Appleton's Cyclopedia of American Biography, edited by James
Grant Wilson, John Fiske and Stanley L. Klos. Six volumes, New York: D. Appleton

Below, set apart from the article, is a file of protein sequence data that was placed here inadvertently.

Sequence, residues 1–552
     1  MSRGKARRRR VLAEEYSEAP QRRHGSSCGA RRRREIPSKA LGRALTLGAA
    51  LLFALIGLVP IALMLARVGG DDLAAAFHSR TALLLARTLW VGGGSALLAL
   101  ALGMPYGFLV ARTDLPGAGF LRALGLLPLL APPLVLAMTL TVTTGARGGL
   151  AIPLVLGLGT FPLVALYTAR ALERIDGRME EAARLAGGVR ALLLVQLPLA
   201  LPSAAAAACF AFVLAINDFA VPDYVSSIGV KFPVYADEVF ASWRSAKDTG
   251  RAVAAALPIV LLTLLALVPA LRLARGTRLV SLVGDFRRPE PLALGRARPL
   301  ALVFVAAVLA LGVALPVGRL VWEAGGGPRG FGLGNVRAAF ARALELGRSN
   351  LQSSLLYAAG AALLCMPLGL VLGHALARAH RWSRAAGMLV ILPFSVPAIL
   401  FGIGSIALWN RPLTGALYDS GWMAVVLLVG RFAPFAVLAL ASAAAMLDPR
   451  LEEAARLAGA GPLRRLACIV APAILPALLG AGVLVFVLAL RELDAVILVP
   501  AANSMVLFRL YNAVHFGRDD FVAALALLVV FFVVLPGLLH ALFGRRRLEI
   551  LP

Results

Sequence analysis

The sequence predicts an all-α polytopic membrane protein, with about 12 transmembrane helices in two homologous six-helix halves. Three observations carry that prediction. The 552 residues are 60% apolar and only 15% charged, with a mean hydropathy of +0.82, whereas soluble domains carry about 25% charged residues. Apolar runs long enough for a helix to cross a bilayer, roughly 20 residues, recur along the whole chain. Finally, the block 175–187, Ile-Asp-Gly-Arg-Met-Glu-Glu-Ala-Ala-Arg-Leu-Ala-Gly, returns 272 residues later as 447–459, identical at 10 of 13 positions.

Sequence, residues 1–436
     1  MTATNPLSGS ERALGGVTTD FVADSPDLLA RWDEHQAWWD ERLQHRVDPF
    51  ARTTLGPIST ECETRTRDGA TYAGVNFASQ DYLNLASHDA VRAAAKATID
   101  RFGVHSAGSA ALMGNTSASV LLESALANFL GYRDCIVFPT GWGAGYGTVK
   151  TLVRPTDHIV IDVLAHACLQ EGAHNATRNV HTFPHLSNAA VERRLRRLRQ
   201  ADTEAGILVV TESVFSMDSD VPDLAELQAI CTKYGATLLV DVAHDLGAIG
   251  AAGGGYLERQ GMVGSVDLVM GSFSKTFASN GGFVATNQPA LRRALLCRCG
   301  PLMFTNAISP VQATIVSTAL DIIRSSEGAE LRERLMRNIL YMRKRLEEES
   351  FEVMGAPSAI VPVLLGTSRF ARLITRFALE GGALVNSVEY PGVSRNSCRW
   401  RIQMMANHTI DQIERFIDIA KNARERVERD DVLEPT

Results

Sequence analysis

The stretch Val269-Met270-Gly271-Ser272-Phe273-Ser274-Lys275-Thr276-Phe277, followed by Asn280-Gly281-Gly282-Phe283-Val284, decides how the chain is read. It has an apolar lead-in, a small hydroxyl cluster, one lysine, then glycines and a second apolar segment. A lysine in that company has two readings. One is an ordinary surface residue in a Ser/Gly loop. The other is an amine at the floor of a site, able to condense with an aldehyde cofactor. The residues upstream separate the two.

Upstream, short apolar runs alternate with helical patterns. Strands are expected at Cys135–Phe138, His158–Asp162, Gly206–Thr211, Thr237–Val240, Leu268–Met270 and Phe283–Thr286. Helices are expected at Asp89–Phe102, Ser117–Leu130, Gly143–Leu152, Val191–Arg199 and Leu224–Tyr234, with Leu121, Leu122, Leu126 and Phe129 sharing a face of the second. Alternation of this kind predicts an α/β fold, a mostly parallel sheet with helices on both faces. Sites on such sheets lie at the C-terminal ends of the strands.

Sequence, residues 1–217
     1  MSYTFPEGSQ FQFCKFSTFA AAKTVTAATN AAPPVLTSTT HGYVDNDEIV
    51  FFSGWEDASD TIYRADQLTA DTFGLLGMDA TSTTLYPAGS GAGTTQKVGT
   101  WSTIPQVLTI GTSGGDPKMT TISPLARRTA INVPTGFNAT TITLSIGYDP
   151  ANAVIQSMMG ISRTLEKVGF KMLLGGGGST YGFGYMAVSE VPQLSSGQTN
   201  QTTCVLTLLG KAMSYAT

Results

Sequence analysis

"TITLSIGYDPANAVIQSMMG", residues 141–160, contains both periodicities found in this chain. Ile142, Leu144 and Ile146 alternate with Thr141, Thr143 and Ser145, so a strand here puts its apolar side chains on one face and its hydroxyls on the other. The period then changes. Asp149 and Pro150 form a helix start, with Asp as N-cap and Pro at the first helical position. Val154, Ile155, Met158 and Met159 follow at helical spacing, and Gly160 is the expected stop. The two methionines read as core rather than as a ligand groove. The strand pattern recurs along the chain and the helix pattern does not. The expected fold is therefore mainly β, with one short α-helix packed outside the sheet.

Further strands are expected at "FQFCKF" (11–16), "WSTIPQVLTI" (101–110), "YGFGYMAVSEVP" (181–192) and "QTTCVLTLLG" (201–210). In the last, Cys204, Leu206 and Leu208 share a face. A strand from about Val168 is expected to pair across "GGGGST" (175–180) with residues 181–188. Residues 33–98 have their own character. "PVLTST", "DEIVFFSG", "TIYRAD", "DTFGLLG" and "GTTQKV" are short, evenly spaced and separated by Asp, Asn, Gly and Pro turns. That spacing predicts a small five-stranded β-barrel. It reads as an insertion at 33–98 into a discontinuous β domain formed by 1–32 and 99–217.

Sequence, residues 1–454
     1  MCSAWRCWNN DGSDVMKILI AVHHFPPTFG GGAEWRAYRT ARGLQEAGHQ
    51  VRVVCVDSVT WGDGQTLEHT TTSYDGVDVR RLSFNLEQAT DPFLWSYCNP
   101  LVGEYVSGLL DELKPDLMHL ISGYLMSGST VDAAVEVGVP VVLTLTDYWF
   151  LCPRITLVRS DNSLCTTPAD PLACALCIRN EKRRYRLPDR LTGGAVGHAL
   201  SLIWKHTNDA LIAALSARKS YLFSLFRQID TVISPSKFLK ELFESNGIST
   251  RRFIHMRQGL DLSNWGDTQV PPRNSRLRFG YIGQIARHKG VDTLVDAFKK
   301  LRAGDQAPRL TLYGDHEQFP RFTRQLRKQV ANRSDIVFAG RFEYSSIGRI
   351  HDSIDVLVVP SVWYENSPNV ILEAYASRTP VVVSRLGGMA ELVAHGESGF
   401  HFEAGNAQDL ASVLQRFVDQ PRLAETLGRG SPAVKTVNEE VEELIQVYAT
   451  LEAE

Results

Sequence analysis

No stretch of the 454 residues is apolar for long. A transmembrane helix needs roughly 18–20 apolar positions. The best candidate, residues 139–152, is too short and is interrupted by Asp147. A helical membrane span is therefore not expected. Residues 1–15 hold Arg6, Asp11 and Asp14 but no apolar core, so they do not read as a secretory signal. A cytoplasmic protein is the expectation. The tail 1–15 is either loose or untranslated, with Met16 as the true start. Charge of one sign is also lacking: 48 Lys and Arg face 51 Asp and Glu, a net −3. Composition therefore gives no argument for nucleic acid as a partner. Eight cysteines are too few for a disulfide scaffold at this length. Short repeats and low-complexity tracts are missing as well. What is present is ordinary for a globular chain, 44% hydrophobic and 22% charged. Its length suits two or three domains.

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KINNEY, John, jurist, born in Philadelphia, Pennsylvania, in 1693; died in Burlington, New Jersey, 11 May, 1750. He was the son of a Quaker preacher, and the grandson of John Kinsey, one of the commissioners of the proprietors of West Jersey, who came from London in 1677. The son was educated in the law, and practised in the courts of New Jersey and Pennsylvania. In 1725 he appeared as counsel in a cause before the court of chancery in Philadelphia, and on his arising to address the court with head covered, after the manner of the Quakers, Sir William Keith, the governor and president of the court, ordered Kinsey to take off his hat, which he refused to do, whereupon Keith directed an officer to remove it. This act on Keith's part gave great offence to the Quakers. They claimed that under the law they had the right to remain in court with heads covered, and to this effect addressed a petition to the governor, in consequence of which Keith rescinded his ruling and ordered that a decree to this end be entered on the minutes of the court. Up to 1730 Kinsey resided in New Jersey, where he served in the assembly, and for several years was speaker of that body" but after this date he lived in Philadelphia, and in the same year was chosen to the assembly of Pennsylvania, to which body he was continuously re-elected till his death, and after 1739 was its speaker. He was attorney-general of the province from 1738 till 1741, and in 1743 was appointed chief justice, which post he held until his death. In 1737 he was one of the two commissioners that were sent to Maryland to negotiate for a settlement of the boundary dispute, and in 1745 was one of the commissioners who, in conjunction with commissioners from New York, Massachusetts, and Connecticut, negotiated at Albany, New York, a treaty with the Six Nations. He published "Laws of New Jersey (1733).--His son, James, jurist, born in Philadelphia, Pennsylvania, 22 March, 1731, died in Burlington, New Jersey, 4 January, 1803, became eminent as a lawyer and practised in the courts of Pennsylvania and New Jersey. In 1772 he was chosen to the assembly of New Jersey, and was the leader of the opposition to Governor William Franklin. In 1774 he was elected to the Continental congress, but resigned the office in November, he was chief justice of New Jersey from 1789 till his death. He received the degree of LL.D. from Princeton in 1790.
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